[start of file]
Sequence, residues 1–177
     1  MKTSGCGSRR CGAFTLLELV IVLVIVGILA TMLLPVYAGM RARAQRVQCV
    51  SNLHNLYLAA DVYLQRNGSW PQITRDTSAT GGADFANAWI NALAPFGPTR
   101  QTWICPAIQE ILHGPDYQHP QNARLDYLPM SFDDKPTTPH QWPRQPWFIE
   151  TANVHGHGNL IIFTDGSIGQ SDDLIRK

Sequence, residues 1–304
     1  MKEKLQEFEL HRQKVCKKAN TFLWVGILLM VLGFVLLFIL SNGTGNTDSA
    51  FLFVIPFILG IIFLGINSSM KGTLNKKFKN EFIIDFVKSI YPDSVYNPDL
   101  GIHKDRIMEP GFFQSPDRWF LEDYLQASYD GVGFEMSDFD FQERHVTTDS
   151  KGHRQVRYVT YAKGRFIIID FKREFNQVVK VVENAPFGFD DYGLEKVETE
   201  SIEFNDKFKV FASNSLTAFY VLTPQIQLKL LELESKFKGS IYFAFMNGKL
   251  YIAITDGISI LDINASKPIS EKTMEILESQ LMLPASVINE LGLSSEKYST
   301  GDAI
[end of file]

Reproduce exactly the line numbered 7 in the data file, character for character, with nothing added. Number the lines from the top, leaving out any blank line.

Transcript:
     1  MKEKLQEFEL HRQKVCKKAN TFLWVGILLM VLGFVLLFIL SNGTGNTDSA